76ers

Tobias Harris opens up about mental health and what he does to stay balanced

Tobias Harris opens up about mental health and what he does to stay balanced

The first time Tobias Harris practiced yoga at a studio in Long Island, New York, he almost fainted. Granted, it was Bikram yoga, a practice in which the room is usually heated to a temperature of 95-108 degrees with a humidity of 40 percent.

“It was recommended to me through a lot of people because of flexibility and things that would further help me,” Harris recalled. “But then, when I got in there and realized how hot it was and then the heat combined with the movements, I almost passed out.”

Thankfully, Harris made it through his first class without losing consciousness, and the practice has stuck with him ever since.

“When I first started yoga, I was looking to do it more for the workout aspect of it, and now I kind of do it more for the meditation experience and just the soothing and calming experience, mixed with being able to put your muscles and stretch in different positions," Harris said. "It puts me in a spot where I can use my breath and hone in and focus on my own personal inner being.”

For Harris, yoga is one of the many aspects that contribute to his overall well-being — a balance of “mind, body, soul and making sure that's all on a healthy level.” Something he is very passionate about.

So passionate, in fact, that Harris helped lead a small yoga class at Y7 Studios in New York on Sunday, as part of the inaugural Tobias Harris Healthy Lifestyle Conference, a two-day event focused on health and wellness.

“Everything from meditation to working out, to being financially on top of your business, things that for my own self-awareness, I embody in my own walk of life and my profession,” Harris said about the conference.

“Physical health and mental health go hand in hand. Every day I wake up and go work out, and it's not because I have to do it, it's because it's good for my own well-being as a person to be able to get up and move every day.”

Harris also appreciates how the attitude toward mental health, especially in men’s professional sports, is shifting.

“It's a more open dialogue type of feel," Harris said. "I think more males are feeling more comfortable to say it's OK to go and talk to somebody.”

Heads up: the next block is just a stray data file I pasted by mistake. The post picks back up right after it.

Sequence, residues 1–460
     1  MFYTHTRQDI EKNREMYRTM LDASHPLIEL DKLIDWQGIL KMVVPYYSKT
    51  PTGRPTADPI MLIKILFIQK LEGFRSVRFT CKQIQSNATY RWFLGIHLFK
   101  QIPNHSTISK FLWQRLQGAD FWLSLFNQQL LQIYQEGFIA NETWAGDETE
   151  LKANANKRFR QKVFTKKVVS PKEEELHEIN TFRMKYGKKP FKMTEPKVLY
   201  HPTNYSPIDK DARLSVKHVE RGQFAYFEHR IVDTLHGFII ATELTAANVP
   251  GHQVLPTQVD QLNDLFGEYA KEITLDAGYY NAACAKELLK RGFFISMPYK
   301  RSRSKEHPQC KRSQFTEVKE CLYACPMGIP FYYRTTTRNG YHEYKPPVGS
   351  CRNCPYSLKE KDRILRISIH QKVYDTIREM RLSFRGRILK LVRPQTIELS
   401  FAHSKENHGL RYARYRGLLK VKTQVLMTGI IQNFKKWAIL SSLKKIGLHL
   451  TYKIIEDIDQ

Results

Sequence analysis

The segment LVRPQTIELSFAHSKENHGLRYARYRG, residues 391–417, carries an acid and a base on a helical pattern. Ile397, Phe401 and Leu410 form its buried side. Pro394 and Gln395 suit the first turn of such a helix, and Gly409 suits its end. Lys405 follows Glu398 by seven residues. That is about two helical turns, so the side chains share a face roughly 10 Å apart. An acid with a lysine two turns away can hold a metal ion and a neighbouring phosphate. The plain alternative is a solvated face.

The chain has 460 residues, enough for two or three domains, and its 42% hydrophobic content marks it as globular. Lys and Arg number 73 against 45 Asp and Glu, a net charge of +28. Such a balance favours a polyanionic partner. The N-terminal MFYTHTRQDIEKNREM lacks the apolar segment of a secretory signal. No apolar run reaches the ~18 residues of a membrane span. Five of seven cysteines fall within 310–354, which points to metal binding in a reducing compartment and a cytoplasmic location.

For Harris, talking to a therapist has been a personal shift for him, too.

“My girlfriend is the first person who told me to go talk to somebody and see how it goes, and my response back was like, ‘I don't need to go talk to anybody,’" Harris said. "But until you actually try it and do it, then the stigma around it goes away … and you go, ‘Actually, that was really helpful for me.’ I think I appreciate how open of a field it is now, and I think it’s important for a lot of people.” 

Especially in the age of social media.

“I think [social media] has a bigger impact [on mental health] than people may realize," Harris said. "Sometimes feeding into the negativity or the positivity also can affect your mental state, where you may get too high or too low in different settings.”

And add to that, injuries, playing time and other moments of adversity that affect a player’s mental health.

“I think every NBA player has been there, maybe every pro athlete has been there,” Harris said.

"That's why I know from my own personal self, always keep a base of who you are and things you can keep on a daily basis to help your own self and to help you be the best you, every single day.”

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Ben Simmons responds to potentially playing a different role for Sixers

Ben Simmons responds to potentially playing a different role for Sixers

Ben Simmons is exceptionally versatile, and he does not have a difficult time describing the multitude of things he can do well on a basketball court besides shoot. 

“I’m a basketball player at the end of the day,” he said in a video conference call Tuesday. “You know me, you put me on the floor, I’ll make anything happen, whether it’s plays, buckets, stops. I’ll guard anybody 1 through 5, I’ll run the floor, I can get to the rim, I can score the ball and I make plays happen. 

“So wherever you put me — 1, 2, 3, 4, 5 — it’s going to happen. I don’t really look at it as a title or position. That’s mainly for you guys to put down in your articles.” 

Reporters’ articles on Monday were obligated to mention that Brett Brown said he has been using Simmons exclusively as a power forward in the Sixers’ practices at Disney World, and that he’s been employing Shake Milton as the team’s starting point. Simmons did not seem worried about whether that shift meant he’d now have the ball in his hands less often. 

“It’s basketball, you’ve gotta get the ball,” he said.

Fair enough.